EVALUATING SHORT-TERM TRADE-OFFS BETWEEN MACROINVERTEBRATE BIODIVERSITY AND NUTRIENT RETENTION IN RECONNECTED LAKE ERIE COASTAL WETLANDS
Historically, coastal wetlands along the western Lake Erie basin supported many ecosystem functions including nutrient retention and biodiversity support. Remaining coastal wetlands are diked, severing hydrologic connection and limiting ecosystem functions. Growing concern over increased frequency and intensity of harmful algal blooms has prompted hydrologic reconnection of coastal wetlands to Lake Erie. Reconnecting wetlands is predicted to improve habitat and water quality in the long-term, but there may be short-term trade-offs to biodiversity. In 6 reconnected and 6 diked coastal wetlands, we compared total nitrogen and total phosphorus as direct indicators of nutrient retention and wetland plant and phytoplankton biomass as indirect indicators. Additionally, we compared macroinvertebrate diversity between wetlands to examine whether there were changes in biodiversity following reconnections. Total phosphorus and total nitrogen were higher in diked than reconnected wetlands in 2016, but the same as in reconnected wetlands in 2017. However, plant and phytoplankton biomass were higher in diked wetlands. Both taxonomic and functional macroinvertebrate diversity were similar in reconnected and diked wetlands. Together, these preliminary findings suggest there may not be trade-offs in reconnected wetlands in the short-term.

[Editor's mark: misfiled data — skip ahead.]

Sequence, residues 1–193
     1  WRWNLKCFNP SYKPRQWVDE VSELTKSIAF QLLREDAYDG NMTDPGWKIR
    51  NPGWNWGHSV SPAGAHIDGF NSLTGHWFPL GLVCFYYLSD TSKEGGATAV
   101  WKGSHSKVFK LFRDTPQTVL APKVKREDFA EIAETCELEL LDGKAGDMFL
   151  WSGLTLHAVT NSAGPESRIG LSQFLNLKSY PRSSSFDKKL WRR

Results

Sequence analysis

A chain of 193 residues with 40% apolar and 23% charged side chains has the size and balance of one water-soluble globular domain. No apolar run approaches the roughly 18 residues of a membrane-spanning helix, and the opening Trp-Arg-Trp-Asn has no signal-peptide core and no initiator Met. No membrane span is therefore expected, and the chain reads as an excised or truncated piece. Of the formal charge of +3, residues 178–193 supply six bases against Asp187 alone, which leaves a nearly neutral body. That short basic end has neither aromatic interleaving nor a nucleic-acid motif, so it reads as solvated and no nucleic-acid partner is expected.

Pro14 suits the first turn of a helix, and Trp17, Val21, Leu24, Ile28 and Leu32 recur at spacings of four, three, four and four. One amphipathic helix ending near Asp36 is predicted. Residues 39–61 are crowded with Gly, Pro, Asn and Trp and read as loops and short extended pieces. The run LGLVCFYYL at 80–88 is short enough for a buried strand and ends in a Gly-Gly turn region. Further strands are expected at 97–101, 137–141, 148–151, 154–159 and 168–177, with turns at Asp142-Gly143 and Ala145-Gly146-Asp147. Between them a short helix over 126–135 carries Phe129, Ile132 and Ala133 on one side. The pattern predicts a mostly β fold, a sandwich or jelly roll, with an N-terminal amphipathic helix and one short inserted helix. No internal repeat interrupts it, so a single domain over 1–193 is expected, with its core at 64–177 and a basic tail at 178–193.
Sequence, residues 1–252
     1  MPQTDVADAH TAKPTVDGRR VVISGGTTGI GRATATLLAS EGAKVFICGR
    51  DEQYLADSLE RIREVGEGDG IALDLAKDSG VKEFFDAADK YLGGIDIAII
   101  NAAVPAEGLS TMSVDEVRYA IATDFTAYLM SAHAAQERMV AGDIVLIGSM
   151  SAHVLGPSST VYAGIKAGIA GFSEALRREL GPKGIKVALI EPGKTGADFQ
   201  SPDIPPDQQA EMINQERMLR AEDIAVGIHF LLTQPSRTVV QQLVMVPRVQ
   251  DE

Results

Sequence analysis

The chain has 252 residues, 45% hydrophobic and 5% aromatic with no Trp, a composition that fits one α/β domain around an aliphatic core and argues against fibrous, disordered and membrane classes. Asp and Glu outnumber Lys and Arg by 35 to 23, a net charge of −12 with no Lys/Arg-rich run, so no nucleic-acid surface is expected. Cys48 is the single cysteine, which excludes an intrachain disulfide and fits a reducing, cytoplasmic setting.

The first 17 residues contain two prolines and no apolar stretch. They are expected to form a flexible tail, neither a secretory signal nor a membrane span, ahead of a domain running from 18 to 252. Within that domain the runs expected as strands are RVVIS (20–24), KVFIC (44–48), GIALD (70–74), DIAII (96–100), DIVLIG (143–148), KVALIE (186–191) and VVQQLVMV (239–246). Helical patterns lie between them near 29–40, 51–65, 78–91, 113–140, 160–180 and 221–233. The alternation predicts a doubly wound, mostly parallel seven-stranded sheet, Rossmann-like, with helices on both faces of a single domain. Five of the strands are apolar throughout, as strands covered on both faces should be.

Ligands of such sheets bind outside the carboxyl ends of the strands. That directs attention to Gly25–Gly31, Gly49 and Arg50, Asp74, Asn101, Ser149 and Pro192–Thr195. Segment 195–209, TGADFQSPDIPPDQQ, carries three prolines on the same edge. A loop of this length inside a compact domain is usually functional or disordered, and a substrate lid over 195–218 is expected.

Elizabeth Berg (Primary Presenter/Author,Co-Presenter/Co-Author), The Ohio State University, email@example.com;